"We would talk incessantly about films until we would fall asleep," remembers Cooper, the Rydal native. And they would dare to imagine that some day they could be living in that same Hollywood world, too.
And here they are.
Cooper, of course, has a little franchise going called The Hangover. He starred in the Philly-made sleeper Limitless, and has a pair of high-profile enterprises debuting next week at the Toronto International Film Festival: Silver Linings Playbook, with Jennifer Lawrence (another project with serious Philly connections) and The Place Beyond the Pines, with Ryan Gosling.
In The Words, opening Friday, Cooper is Rory Jansen, a struggling writer who, by a fateful turn of events and a manuscript of awesome artistry, becomes a best-selling, prize-winning sensation. Zoe Saldana is his wife, and Jeremy Irons a mysterious old man who has the goods on the author. Dennis Quaid, Olivia Wilde, and Ben Barnes also star. The movie is set in New York and Paris (and a little bit in Philadelphia), just after World War II and up to the present day.
Klugman and Sternthal had finished the multilayered screenplay back in 2000, long before they made names for themselves as a writing duo (they share story credit on the 2010 box office monster Tron: Legacy, and have several screenplays in development now). In fact, they invited Cooper, just landed in L.A., to a table reading of The Words (it was called The Unknown) way back when. Klugman's uncle, the famous Jack, did the part of the old man.
"I got a call from Brian asking if I wanted to come to a reading of a script he and Lee had written," Cooper says. "And I remember I was just blown away. But never in my wildest dreams at that point did I think that I would be a part of it."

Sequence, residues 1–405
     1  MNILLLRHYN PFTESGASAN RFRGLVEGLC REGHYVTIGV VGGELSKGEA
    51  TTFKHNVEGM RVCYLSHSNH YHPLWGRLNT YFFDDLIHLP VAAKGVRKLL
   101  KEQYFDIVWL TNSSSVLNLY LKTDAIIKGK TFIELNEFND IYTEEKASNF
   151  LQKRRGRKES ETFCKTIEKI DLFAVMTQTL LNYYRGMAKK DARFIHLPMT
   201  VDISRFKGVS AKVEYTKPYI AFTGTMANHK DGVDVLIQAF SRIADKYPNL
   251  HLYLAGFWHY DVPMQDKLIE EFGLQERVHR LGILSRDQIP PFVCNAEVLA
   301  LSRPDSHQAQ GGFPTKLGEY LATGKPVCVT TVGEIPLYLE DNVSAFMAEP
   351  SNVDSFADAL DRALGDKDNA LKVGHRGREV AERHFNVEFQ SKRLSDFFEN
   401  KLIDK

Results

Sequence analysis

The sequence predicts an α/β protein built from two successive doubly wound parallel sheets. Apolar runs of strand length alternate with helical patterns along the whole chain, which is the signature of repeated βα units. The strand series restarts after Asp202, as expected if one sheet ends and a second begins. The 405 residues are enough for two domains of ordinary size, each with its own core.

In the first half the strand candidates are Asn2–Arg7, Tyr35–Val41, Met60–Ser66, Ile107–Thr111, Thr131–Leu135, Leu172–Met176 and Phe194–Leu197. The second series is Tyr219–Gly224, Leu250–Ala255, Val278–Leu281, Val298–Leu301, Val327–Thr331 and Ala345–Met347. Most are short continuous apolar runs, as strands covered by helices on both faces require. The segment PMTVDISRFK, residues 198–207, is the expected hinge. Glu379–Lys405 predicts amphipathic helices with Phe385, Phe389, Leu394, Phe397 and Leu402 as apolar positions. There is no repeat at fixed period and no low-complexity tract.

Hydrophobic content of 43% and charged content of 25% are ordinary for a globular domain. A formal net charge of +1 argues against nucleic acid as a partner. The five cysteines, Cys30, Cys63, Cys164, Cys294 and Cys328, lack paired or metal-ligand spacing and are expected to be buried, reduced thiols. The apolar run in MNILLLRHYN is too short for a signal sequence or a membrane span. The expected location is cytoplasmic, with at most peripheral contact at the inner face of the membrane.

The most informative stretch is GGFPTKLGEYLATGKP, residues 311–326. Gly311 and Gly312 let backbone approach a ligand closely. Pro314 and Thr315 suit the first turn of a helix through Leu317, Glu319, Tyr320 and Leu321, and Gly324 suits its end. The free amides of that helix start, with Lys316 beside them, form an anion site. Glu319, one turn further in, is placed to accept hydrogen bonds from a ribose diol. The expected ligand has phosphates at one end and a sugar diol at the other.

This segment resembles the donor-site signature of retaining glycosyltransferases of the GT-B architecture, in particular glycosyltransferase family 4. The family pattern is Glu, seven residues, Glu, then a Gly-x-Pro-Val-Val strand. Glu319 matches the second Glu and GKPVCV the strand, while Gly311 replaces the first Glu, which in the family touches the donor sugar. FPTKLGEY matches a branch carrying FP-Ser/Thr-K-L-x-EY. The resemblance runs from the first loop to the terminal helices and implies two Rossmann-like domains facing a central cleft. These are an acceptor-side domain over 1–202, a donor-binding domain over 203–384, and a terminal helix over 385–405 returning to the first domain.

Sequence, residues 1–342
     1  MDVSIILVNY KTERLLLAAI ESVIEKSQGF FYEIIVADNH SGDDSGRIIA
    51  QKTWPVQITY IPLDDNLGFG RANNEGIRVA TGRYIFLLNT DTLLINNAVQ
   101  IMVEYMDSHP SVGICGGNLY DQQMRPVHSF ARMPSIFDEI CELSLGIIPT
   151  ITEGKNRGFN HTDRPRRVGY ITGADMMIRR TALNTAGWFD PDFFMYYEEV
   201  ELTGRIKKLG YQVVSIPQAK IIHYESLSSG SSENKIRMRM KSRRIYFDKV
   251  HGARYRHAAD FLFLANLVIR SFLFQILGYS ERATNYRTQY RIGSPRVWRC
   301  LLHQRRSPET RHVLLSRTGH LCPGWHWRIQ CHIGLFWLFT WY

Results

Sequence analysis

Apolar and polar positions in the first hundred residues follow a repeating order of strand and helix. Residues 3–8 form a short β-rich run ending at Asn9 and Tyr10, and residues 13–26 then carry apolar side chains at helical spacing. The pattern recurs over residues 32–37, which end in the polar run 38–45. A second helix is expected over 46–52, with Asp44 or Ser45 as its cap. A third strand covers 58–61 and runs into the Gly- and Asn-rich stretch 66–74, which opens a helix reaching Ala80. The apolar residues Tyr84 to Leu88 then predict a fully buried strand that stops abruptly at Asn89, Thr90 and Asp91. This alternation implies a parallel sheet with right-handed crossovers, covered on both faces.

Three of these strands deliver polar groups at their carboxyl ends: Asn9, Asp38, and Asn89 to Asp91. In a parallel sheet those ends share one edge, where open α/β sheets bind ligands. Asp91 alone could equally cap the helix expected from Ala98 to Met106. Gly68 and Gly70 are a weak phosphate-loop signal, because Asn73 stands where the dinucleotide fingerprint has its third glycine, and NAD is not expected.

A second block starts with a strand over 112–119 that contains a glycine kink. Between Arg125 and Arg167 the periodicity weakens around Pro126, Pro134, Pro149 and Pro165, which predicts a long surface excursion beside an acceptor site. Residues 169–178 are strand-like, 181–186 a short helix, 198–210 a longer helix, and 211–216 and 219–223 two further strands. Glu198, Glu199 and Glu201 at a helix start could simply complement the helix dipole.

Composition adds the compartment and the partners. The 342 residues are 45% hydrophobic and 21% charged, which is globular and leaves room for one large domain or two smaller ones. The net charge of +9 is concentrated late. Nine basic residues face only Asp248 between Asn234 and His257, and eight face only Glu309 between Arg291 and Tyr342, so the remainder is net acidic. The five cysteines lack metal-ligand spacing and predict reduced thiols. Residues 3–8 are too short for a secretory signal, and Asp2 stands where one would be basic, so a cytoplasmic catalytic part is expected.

It took a decade, an intensive session at the Sundance Screenwriters Lab, and the ascension of Cooper - yup, People's Sexiest Man Alive, 2011 edition - to get The Words made. But here it is - shot last summer in a breakneck 25 days in Montreal.
And it turns out to have been a truly transformative experience for the actor. Affable and unguarded, he and his boyhood buds are in the Four Seasons Hotel the day after their red-carpet bow, discussing a wrenching - and pivotal - scene in which Cooper's character returns, drunk and destroyed, to the Brooklyn loft he shares with Saldana, and confesses that the novel with his name on it isn't his.
"Honestly, I have to say, something switched in this movie for me as an actor," Cooper says. "I felt like I had gotten to that place on stage" - Cooper just finished starring in The Elephant Man at the Williamstown Theatre Festival - "but never in film. And it gave me such confidence to then do Place Beyond the Pines and then Silver Linings Playbook, which are demanding roles.
"And it really was because of the places that I was able to go in this movie. . . . Like, here's this gift I'm going to give you so that you can walk into these other movies with strangers. Because I feel at home with Brian and Lee, it was like creating in your living room. . . .
"It was the best prep to do the other movies."
Like creating in the same living room where Cooper, Klugman, and Sternthal stayed up late all those nights, all those years, all those classic David Lean movies ago.
Contact Steven Rea at 215-854-5629 or email@example.com. Read his blog, "On Movies Online," at www.philly.com/onmoviesMovie
Opens Friday at area theaters.